MAJORITY VOTE
Project Overview
For this project we designed a circuit and logic expression to create a fair system for voting between a President, Vice President, Secretary, and Treasurer. A majority vote always wins, but in the event of a tie the president's decision conquers. The design was limited to twoinput gates only. Below is the process of developing the truth table, logic expressions, and circuit.
Problem Conception via Truth Table & Unsimplified Expression
The truth table is used to demonstrate all the possible voting combinations and the result of each. The number of rows is equal to 2 raised to the number of variables. In this case there are four variables, which results in 16 rows. Each 1 in the P,V,S, and T (President, Vice President, Secretary, and Treasurer) columns represents a yes vote, while a 0 represents a no vote. The D column represents the decision, 1 being a final yes and 0 being a final no. Each row with a majority yes results in a final decision being yes. In the event of a tie, the President's vote is used to break the tie.

The unsimplified logic expression is in the sum of products (SOP) form. The minterms were found using all the combinations resulting in a yes (1) final decision. Every row resulting in a 1 is added to the expression because that is a possible combination (OR). Each variable in a row is multiplied together because they rely on each other (AND). SOP form was used because it is easy to convert the results from the truth table to a sum of products expression.

Unsimplified Circuit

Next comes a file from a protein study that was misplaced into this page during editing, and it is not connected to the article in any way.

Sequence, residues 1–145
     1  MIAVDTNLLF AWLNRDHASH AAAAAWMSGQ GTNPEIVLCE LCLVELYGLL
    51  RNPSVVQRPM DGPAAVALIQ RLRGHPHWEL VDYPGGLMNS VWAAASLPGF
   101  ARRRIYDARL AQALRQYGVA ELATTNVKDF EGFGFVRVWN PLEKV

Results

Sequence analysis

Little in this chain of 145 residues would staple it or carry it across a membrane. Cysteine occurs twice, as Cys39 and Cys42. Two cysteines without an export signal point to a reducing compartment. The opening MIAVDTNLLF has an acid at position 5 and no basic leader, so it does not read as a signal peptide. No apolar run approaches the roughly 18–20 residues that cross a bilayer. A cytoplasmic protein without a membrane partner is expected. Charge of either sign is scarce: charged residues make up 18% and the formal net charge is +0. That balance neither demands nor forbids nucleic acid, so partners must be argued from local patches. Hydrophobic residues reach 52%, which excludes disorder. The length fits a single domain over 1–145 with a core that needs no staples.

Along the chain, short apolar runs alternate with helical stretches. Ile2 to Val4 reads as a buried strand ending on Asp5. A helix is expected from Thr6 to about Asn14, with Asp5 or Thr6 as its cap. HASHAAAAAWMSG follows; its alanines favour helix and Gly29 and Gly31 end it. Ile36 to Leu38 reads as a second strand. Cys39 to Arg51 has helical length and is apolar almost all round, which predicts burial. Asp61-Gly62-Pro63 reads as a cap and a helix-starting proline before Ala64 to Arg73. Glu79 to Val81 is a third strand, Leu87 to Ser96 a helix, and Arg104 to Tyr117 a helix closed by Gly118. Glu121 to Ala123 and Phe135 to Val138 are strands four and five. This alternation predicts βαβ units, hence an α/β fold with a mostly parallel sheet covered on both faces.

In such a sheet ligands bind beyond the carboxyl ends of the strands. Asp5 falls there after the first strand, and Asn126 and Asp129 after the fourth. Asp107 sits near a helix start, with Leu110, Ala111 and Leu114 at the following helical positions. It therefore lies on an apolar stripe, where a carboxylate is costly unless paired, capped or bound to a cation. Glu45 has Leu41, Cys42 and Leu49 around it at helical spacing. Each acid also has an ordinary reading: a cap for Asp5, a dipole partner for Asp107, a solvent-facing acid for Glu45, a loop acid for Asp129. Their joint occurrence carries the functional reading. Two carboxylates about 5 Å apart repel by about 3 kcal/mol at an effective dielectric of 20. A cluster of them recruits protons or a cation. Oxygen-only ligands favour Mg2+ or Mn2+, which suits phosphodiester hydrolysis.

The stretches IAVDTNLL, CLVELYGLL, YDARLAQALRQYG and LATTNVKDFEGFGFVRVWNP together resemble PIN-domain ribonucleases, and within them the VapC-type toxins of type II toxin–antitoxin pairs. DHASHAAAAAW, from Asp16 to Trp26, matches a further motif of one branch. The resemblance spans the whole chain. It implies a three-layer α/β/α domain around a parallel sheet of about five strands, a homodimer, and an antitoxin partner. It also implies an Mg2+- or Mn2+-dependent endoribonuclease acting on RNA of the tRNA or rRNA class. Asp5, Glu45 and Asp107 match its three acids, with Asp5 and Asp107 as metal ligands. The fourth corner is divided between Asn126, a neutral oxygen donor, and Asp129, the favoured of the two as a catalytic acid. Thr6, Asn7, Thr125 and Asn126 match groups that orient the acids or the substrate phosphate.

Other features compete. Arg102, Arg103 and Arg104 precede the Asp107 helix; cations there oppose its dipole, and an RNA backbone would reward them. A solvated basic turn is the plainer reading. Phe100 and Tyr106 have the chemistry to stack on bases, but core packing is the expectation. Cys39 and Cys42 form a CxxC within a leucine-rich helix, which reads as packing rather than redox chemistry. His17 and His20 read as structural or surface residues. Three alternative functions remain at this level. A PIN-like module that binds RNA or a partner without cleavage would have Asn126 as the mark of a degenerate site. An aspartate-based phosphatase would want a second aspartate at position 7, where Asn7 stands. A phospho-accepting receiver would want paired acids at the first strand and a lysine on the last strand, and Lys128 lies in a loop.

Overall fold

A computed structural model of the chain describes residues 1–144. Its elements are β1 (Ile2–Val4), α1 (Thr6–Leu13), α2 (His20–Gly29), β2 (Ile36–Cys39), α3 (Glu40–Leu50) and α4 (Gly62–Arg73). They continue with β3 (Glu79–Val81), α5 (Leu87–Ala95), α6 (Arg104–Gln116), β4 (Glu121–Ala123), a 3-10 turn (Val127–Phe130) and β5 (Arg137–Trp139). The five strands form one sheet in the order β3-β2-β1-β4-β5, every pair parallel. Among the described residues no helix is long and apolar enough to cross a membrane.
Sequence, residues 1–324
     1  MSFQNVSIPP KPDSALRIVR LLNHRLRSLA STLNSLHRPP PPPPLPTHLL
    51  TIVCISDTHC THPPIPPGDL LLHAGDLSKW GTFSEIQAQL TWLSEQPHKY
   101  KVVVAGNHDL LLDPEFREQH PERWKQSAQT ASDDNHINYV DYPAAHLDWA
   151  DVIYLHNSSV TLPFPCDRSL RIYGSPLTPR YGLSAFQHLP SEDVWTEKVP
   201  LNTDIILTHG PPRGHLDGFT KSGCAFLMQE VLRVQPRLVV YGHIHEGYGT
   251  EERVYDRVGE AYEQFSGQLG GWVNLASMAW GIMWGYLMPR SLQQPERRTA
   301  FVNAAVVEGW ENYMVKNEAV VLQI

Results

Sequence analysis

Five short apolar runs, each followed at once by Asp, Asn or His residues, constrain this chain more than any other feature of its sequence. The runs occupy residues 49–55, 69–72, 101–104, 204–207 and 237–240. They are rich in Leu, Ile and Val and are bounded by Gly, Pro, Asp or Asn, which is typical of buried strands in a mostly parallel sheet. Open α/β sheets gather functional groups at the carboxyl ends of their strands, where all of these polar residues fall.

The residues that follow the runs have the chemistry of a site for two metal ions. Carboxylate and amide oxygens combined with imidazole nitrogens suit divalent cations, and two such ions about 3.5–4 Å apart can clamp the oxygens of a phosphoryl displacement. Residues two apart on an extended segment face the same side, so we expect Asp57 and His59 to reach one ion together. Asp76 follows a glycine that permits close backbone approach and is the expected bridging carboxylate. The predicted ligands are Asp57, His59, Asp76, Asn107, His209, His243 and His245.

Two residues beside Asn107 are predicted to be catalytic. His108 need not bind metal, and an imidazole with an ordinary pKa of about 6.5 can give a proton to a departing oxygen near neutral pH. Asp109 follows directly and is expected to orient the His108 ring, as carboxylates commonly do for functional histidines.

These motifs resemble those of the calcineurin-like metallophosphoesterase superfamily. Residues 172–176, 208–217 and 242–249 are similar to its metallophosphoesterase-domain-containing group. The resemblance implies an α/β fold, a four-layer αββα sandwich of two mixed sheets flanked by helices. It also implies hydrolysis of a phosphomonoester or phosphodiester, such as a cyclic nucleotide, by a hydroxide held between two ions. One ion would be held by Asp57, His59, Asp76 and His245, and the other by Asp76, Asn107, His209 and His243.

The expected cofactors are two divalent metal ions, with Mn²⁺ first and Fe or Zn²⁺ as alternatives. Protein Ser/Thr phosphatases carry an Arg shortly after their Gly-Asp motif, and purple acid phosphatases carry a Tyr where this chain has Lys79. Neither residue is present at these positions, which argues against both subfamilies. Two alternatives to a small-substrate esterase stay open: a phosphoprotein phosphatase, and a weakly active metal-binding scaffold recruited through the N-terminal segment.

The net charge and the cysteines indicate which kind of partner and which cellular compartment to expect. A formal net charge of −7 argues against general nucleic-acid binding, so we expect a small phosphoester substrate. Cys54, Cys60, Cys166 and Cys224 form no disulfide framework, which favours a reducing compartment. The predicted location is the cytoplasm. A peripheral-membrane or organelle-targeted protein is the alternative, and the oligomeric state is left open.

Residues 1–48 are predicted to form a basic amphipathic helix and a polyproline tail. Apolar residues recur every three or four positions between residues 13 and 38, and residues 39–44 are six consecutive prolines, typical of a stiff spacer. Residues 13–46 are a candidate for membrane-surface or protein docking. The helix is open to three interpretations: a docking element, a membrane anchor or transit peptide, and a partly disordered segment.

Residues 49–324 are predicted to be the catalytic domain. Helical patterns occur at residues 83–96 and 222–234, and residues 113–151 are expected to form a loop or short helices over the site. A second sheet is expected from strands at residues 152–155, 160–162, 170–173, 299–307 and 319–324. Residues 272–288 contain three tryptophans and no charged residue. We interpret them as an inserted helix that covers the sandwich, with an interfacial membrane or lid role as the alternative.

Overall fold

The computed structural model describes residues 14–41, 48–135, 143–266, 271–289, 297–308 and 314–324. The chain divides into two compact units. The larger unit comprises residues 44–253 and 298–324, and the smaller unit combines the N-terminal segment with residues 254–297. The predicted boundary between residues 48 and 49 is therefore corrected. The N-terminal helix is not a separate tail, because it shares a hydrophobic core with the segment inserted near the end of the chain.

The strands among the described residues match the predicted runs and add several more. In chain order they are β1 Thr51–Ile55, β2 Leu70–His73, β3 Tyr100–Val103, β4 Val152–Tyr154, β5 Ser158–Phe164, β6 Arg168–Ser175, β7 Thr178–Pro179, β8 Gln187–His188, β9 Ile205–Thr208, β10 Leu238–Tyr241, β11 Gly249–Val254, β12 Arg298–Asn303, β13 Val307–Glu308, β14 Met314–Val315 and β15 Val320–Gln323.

This is the unsimplified circuit for the logic expression using a bus to organize the wires. This circuit uses 4 invertor gates, 24 AND gates, and 7 OR gates. This circuit is very tedious and complex. Precision is needed to correctly assemble the circuit, even with the bus. Making this circuit with a breadboard would only be more complicated. 1 invertor chip, 6 AND chips, and 2 OR chips would be required. This complexity is unnecessary because, using Boolean algebra. it can be simplified.
Boolean Algebra
Using Boolean Algebra I was able to simplify the original logic expression into the one below.
D = VST + PV + PS + PT
Simplified Circuit
The simplified circuit is also in bus form to promote organization. This circuit only requires 5 AND gates and 3 OR gates, which is much less than the unsimplified expression. Invertor gates are visible in the circuit schematic, but none are actually used. 2 AND chips and 1 OR chip would be required to transfer the circuit to a breadboard. Four gates are in every chip, which means you can determine the number of chips required by dividing the number of gates required by four. When transferring the circuit to a breadboard a resistor is used before the LED to prevent it from burning out.
This is a simplified version of the logic expression because it gives the same results but with fewer gates and components. The simplified circuit contained 4 fewer invertor gates, 19 fewer AND gates, and 4 fewer OR gates. The simplified breadboard would contain 1 fewer invertor chip, 4 fewer AND chips, and 1 fewer OR chip. It is important that the simplified expression has less components because it is much easier to understand and build, while also resulting in a lesser cost. Simply building the unsimplified circuit would result in so much confusion and chaos that the circuit would very likely not work.